Live Big Digest: Managing Political and Economic Risk in Your Portfolio

Live Big Digest: Managing Political and Economic Risk in Your Portfolio

With the long Thanksgiving weekend nearly upon us, we thought we’d take the liberty of sharing a somewhat longer Live Big Digest devoted to a single topic: how to manage political and macroeconomic risk in your portfolio.  We hope you find it interesting.

And here’s wishing you a restful Thanksgiving Day celebration filled with friends, family, and thankful reflections.

The Yeske Buie Team

– Managing Political and Macroeconomic Risk in Your Portfolio

In his latest commentary in the New York Times (There Will Be Blood,, economist Paul Krugman suggests that “our nation is in much worse shape, much closer to a political breakdown, than most people realize.”  Opinions might vary as to how much truth is contained in that statement, but it certainly raises the question of what we can do as savers and investors to protect ourselves from the political and macroeconomic risks that might arise in these wild and contentious times.  Here’s our approach:

To begin with, risk means that more things CAN happen than WILL happen, and since the things that can happen are legion, it would be expensive to individually hedge every possible negative contingency.  The most efficient way to hedge the greatest number of risks is to diversify along vectors that capture (or encompass) the greatest number of negative scenarios.  One way we at Yeske Buie do this is through geographic diversification, since different countries and regions are often subject to different macroeconomic and political conditions.  In addition to hedging political and economic risk, we choose to dollar-diversify by selecting only unhedged equity portfolios for our international allocations.  Fully half of the equities in any of our portfolios are in non-dollar-denominated assets.  It’s worth noting that the non-dollar half of our typical equity allocation got a boost in the past few months, so that even while US markets were doing well, your overseas holdings did even better.  If you look at the chart below, you can see the steep drop in the dollar (versus a broad basket of currencies) over the past four months, as well a the secular decline that’s been underway since 2001 (interrupted by an uptick every time the world gets nervous and makes a “flight to quality”).  Every time the dollar declines, our foreign equity holdings get a boost, all other things being equal.

Although the geographic and currency vectors are most relevant for mitigating the kinds of political risks that Krugman talks about, the “size” vector is also a significant diversifier, as companies of different sizes and at different stages of development fare differentially at various stages of the business cycle and in the face of different political environments.

A further point worth making is that the risks that can arise as a consequence of fiscal or monetary strategies (and the policy battles that often accompany them) can potentially be very negative for fixed-income investments (“fixed-income” refers to bonds and similar instruments).  Since it is our goal to establish a fixed-income allocation that will be a “stable reserve” within the portfolio, we work along three major dimensions to minimize macroeconomic risks.  First, we diversify bond holdings globally so that we aren’t subject to a single monetary/fiscal regime.  Second, and unlike our approach to equities, we use portfolios that do hedge away the exchange-rate risk, as this can introduce significant volatility to fixed-income portfolios.  Finally, mindful of the fact that bonds with longer maturities are more sensitive to rising interest and inflation rates, we choose a mix of portfolios that is significantly skewed toward short and intermediate maturities.  Two of the three bond funds that we typically use have average maturities of one year or less, while the third maintains an average maturity well under five years.  By contrast, those who stretch for yield now run a significant risk of loss if/when interest rates begin to rise.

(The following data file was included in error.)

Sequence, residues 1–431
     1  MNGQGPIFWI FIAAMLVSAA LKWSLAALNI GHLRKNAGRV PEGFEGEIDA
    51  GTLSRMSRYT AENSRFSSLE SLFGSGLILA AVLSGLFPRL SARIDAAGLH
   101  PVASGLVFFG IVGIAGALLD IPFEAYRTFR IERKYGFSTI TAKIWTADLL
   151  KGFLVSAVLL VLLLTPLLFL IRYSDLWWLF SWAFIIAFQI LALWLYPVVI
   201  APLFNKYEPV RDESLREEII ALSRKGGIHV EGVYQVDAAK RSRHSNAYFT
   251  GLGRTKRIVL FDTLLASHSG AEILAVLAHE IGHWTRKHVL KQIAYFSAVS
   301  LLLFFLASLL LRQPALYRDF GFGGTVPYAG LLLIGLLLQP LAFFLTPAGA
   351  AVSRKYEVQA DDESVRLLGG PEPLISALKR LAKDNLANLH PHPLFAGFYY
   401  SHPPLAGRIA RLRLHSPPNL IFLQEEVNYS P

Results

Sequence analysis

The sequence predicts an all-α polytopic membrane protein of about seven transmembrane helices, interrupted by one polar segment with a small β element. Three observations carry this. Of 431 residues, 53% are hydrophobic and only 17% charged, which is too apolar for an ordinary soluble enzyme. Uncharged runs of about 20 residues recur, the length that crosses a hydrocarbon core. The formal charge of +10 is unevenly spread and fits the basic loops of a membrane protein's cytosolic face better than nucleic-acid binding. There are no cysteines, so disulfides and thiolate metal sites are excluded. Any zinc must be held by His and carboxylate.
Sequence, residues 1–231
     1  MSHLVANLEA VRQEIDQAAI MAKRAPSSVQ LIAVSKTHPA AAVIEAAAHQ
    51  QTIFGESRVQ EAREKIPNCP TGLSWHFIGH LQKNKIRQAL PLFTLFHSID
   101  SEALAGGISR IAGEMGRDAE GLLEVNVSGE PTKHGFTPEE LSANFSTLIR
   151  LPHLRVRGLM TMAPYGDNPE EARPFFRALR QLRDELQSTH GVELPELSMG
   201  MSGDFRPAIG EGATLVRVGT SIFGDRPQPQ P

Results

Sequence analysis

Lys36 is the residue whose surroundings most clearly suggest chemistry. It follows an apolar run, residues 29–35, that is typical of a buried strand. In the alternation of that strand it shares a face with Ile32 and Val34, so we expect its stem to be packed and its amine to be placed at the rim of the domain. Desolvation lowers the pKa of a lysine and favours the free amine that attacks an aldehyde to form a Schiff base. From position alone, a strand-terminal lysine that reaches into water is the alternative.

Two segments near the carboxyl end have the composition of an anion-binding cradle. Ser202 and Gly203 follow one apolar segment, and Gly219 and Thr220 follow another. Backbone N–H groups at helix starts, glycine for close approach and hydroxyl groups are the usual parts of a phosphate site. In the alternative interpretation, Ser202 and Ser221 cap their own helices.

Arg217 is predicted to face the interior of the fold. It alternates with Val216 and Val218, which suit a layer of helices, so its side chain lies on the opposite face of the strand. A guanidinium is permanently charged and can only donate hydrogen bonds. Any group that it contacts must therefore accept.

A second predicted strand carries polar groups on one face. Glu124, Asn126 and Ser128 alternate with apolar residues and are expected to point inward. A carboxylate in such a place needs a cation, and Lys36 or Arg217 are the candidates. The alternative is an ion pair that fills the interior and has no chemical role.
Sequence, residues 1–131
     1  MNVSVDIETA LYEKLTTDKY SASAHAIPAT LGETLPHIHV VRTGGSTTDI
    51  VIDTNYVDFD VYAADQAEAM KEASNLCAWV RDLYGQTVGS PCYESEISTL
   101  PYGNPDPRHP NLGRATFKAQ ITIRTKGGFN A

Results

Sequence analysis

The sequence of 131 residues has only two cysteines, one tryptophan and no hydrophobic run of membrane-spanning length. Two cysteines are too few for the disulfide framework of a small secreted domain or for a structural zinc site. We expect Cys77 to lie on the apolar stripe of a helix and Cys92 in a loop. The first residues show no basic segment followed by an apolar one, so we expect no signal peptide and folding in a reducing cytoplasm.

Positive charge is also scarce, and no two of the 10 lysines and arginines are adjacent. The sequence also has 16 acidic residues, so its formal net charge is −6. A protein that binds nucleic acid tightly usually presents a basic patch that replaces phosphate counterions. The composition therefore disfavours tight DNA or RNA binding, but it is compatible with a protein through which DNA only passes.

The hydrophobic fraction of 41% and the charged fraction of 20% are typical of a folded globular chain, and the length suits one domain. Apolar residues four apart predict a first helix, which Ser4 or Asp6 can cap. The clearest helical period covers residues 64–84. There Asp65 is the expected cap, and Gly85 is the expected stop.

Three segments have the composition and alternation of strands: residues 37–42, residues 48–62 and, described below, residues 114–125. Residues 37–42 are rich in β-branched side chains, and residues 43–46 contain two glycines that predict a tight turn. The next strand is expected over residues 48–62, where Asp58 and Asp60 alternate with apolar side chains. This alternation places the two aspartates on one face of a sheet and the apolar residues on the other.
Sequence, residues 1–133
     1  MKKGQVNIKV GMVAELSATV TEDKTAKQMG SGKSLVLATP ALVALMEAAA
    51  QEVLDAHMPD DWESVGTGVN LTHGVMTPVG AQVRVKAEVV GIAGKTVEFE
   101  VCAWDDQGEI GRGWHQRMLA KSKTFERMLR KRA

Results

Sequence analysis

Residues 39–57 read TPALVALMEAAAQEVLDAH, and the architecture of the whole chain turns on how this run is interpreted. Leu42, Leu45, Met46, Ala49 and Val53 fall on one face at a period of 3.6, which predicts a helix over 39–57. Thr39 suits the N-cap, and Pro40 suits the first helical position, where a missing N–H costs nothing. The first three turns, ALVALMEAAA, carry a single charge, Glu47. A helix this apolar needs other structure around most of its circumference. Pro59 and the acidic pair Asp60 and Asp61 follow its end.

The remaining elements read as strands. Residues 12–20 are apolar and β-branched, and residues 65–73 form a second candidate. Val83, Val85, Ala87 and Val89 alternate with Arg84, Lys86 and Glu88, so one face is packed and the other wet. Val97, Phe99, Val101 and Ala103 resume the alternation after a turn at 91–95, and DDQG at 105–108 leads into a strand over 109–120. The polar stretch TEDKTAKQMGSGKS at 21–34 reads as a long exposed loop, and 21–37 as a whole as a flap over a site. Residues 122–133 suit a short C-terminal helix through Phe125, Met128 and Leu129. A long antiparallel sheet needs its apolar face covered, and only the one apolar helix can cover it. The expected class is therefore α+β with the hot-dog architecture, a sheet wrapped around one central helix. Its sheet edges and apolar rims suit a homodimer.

On a final note related to government policies, many people have been concerned about the consequences of the US and/or other developed economies finding themselves on a slower growth path.  The evidence, however, suggests that markets tend to “price this in” so that slow growth countries, while they may not generate enough jobs to avoid high unemployment and other negative side effects, still produce respectable stock market returns.  The table below summarizes the stock market returns produced in countries that experienced slow economic growth over the past 38 years, compared to those countries that experienced rapid growth.

Developed Markets
Avg. Return Std Deviation Avg. GDP Gwth
High-Growth Countries 12.90 23.07 0.92
Low-Growth Countries 13.52 23.04 -4.02


What this shows is that investors around the world are risk-averse and price securities to provide an appropriate risk-adjusted return whatever may be happening in the economy as a whole. We can take this as further evidence that financial markets do a good job of adjusting prices for local conditions in order to ensure investors an appropriate risk-adjusted return.

To summarize: investment risk can arise from many different sources and is best managed when we diversify in ways that mitigate the greatest number of risks at once.  Diversifying across geographic, currency, and size dimensions satisfies this multidimensional risk-management goal.  It is also important to consider the unique risks associated with fixed-income investments.  These are best managed by diversifying globally, hedging against exchange-rate fluctuations, and keeping maturities relatively short.

The risk associated with that third serving of mashed potatoes and gravy, however, is something you’ll have to manage on your own.

Happy Thanksgiving!